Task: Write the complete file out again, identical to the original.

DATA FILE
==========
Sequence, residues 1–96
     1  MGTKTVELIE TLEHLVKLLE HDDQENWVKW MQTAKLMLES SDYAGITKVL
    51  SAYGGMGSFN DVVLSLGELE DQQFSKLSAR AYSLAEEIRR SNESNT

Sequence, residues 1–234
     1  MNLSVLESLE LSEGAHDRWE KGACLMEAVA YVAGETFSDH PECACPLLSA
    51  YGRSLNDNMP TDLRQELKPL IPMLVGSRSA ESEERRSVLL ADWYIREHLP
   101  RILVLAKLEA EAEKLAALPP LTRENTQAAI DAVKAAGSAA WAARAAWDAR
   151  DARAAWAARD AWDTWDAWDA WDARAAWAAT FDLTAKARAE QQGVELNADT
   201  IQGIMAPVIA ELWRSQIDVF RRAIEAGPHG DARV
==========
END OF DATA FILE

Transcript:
Sequence, residues 1–96
     1  MGTKTVELIE TLEHLVKLLE HDDQENWVKW MQTAKLMLES SDYAGITKVL
    51  SAYGGMGSFN DVVLSLGELE DQQFSKLSAR AYSLAEEIRR SNESNT

Sequence, residues 1–234
     1  MNLSVLESLE LSEGAHDRWE KGACLMEAVA YVAGETFSDH PECACPLLSA
    51  YGRSLNDNMP TDLRQELKPL IPMLVGSRSA ESEERRSVLL ADWYIREHLP
   101  RILVLAKLEA EAEKLAALPP LTRENTQAAI DAVKAAGSAA WAARAAWDAR
   151  DARAAWAARD AWDTWDAWDA WDARAAWAAT FDLTAKARAE QQGVELNADT
   201  IQGIMAPVIA ELWRSQIDVF RRAIEAGPHG DARV